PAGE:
Friday the 13th - Dr. Jeff Rudski discusses superstition and confirmation bias
Dr. Jeff Rudski explains how superstitions develop and how they may affect our behavior.
Thu, 12 Mar 2015 16:58:00 EDT
The historical basis behind the superstition surrounding the combination of a Friday and the thirteenth day of a month is unclear. Some scholars believe the discomfort stems from Good Friday, when Jesus was said to have been crucified, combined with the thought of Judas as the thirteenth apostle. Other have speculated that the superstition has roots in Norse mythology, when Loki arrived as a thirteenth guest at a banquet and organized the death of Balder.
“Once you get a thought into a culture that something is unlucky, in this case Friday the 13th, people tend to experience confirmation bias, a tendency to interpret information that meets our preconceptions,” says Rudski. “We tend to look at superstition as irrational, even stupid. But superstition in and of itself isn’t necessarily a bad thing.”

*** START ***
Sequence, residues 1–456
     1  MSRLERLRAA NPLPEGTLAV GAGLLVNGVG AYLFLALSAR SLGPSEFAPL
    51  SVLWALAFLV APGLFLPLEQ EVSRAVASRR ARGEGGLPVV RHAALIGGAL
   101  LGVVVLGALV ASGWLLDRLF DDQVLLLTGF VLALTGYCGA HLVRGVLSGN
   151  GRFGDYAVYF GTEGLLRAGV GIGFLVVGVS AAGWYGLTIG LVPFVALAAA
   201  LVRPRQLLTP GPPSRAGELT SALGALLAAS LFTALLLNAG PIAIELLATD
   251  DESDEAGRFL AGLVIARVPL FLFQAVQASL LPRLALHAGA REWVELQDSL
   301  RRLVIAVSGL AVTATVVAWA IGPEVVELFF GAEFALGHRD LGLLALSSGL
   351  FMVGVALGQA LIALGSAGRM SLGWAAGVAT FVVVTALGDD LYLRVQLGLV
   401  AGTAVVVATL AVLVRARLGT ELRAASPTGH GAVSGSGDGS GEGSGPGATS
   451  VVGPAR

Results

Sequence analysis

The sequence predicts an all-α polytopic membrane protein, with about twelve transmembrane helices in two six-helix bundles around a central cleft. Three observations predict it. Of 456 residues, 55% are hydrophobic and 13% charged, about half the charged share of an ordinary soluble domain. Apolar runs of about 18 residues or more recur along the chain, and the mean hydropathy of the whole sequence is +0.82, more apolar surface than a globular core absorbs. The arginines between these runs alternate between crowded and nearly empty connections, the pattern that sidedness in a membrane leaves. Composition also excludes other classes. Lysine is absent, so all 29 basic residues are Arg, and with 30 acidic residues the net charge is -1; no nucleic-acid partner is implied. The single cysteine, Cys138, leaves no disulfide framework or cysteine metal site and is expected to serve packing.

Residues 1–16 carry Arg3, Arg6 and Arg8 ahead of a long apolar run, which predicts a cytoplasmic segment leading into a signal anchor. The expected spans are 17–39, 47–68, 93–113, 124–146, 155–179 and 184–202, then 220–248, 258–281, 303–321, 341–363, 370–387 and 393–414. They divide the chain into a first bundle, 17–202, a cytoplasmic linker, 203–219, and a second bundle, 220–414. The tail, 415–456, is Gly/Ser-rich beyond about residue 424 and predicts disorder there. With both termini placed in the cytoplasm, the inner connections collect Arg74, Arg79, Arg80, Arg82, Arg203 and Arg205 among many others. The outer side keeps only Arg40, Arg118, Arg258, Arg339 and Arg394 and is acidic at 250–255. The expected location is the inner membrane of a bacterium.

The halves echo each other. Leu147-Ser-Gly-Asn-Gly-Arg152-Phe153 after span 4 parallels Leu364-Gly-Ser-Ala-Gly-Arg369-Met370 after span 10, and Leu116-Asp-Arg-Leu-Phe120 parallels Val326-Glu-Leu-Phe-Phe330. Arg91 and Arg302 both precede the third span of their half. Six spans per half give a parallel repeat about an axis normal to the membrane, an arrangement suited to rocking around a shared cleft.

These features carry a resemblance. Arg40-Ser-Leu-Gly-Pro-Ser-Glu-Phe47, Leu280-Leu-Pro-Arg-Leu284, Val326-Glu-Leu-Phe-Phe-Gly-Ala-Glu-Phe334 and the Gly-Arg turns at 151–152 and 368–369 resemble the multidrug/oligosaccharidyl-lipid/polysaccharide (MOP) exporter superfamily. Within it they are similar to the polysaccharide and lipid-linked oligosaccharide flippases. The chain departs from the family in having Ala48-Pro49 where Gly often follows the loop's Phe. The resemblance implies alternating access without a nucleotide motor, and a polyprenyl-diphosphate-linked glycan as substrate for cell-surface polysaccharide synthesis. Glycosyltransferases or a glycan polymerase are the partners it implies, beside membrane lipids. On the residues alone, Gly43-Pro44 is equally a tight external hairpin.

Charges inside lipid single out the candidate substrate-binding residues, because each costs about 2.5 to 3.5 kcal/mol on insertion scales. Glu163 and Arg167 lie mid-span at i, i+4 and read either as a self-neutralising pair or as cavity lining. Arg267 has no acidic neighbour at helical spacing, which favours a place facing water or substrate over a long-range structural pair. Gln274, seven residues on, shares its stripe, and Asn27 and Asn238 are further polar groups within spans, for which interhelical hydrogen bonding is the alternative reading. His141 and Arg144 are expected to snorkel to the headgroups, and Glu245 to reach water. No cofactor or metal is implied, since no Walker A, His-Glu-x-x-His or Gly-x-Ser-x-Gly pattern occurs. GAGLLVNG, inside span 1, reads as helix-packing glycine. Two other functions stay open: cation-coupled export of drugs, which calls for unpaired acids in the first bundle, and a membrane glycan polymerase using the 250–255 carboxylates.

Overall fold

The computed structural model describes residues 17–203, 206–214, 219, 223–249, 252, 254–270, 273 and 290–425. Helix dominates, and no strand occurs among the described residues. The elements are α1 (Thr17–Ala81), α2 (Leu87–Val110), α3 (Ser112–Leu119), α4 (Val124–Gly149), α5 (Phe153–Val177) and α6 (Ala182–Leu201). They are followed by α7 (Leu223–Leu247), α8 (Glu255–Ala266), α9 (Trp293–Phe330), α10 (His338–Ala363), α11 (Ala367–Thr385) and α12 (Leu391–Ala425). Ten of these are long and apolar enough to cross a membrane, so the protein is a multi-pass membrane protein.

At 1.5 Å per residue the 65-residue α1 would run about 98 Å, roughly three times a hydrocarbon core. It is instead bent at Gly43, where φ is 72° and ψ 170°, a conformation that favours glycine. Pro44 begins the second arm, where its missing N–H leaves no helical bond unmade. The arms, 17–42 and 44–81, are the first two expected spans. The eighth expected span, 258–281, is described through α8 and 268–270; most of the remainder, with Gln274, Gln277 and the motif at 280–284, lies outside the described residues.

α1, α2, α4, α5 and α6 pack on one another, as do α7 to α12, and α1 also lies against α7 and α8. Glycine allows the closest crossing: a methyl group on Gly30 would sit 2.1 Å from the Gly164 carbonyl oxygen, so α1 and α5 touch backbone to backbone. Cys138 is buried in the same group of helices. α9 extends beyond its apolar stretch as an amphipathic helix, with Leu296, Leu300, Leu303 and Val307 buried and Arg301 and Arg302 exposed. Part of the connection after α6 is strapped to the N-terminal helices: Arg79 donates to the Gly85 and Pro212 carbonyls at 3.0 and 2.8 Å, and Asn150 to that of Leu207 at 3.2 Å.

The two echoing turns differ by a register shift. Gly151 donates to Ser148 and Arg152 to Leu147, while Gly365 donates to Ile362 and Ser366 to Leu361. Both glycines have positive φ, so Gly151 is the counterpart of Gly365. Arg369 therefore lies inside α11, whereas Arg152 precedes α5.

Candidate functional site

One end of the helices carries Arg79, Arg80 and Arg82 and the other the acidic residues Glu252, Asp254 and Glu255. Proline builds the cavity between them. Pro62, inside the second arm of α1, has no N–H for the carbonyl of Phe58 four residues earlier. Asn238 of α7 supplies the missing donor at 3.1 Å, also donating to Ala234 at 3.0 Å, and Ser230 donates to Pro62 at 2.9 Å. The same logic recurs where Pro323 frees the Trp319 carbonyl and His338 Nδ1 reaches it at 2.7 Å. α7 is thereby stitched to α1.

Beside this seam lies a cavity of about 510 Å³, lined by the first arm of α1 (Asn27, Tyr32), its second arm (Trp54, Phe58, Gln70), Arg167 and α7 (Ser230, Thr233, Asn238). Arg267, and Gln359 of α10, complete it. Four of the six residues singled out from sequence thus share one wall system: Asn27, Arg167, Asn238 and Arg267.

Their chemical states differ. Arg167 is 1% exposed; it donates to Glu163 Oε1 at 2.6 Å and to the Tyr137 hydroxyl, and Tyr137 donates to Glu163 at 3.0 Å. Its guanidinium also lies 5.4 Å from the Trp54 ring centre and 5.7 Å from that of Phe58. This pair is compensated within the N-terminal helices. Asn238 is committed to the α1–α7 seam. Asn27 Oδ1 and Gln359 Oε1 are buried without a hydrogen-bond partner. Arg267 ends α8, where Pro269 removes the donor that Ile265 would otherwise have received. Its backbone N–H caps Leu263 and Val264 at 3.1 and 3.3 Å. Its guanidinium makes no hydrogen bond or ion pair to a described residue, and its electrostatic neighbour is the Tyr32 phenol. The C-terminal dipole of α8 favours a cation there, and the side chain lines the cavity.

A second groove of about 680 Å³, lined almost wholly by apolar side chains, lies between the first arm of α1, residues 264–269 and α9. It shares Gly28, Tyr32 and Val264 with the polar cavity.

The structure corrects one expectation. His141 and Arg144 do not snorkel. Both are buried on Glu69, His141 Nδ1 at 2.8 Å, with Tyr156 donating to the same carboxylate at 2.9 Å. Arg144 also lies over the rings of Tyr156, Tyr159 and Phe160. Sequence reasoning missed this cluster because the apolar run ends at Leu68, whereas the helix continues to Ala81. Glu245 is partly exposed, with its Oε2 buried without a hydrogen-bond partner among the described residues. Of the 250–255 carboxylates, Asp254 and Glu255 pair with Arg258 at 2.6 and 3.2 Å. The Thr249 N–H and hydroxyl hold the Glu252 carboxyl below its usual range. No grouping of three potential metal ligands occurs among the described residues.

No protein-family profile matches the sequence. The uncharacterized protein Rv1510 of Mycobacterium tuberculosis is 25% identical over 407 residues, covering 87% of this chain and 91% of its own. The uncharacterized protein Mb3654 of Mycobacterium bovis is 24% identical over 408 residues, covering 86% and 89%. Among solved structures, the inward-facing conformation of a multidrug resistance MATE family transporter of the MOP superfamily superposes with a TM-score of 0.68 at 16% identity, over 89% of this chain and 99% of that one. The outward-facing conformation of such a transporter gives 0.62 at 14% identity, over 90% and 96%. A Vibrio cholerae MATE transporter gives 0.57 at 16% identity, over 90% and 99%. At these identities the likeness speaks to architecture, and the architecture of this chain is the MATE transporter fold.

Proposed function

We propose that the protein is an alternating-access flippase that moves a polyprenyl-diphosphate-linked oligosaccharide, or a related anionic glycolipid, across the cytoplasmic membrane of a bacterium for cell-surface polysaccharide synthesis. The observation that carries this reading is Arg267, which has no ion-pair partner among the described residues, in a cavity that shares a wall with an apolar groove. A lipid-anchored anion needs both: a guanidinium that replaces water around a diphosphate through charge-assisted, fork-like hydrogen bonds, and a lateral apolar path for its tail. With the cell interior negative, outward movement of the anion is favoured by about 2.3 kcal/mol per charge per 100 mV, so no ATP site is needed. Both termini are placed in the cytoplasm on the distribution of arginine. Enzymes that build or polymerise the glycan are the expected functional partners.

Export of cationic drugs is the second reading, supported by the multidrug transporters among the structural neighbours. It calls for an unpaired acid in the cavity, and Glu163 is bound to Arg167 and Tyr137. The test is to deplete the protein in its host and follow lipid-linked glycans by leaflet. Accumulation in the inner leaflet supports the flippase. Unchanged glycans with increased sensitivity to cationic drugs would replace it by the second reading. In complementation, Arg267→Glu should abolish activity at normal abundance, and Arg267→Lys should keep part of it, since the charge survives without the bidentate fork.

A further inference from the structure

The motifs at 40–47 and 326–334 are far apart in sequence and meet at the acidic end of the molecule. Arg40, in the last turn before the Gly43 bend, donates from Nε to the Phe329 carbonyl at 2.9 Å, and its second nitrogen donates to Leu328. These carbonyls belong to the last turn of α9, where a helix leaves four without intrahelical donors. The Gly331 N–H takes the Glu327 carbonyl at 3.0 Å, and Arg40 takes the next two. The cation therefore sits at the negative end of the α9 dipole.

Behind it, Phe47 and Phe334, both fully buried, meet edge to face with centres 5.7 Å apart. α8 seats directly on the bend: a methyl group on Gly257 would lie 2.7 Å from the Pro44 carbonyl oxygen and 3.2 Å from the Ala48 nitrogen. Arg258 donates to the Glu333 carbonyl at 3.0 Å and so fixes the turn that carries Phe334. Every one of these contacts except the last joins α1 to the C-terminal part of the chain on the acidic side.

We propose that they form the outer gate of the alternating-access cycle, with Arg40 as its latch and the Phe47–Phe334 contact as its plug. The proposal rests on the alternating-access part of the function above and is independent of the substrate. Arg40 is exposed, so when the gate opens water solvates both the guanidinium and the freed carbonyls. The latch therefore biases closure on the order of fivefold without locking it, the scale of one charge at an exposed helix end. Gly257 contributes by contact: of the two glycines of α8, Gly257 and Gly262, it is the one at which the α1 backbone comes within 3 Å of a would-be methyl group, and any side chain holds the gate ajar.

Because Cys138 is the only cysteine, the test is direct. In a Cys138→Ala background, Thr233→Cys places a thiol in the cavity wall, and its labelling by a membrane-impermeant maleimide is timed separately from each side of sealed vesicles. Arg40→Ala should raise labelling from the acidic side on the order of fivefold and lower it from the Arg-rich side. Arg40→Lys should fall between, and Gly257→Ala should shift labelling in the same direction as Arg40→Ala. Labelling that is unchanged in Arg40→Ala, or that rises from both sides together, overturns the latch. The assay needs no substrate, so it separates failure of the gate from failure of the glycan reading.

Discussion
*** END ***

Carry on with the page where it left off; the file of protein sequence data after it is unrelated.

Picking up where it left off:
Rudski explains that the human mind has evolved to understand complex cause and effect relationships. By identifying patterns, the mind is able to make quick observations, called heuristics, that serve to reduce the cognitive strain associated with decision making. Humans can become anxious when connections are unclear, leading to a search for a contributing cause, no matter how remote or unlikely.
But sometimes a superstition, even if the belief itself appears illogical, can lead to a better result for the person who holds it.
To explain, Rudski uses an example of a basketball player with a free-throw ritual - perhaps the player has a specific way of dribbling the ball before throwing. Studies have shown that athletes who are allowed to complete a preferred procedure perform significantly stronger than those whose rituals are interrupted.
“What the superstitious ritual does is put the rational mind at ease by establishing a possible cause,” says Rudski “By engaging in a routine behavior, anxiety and response time are reduced and muscle memory, what neuroscientists call procedural learning, kicks in, which stops us from over-thinking a given situation.”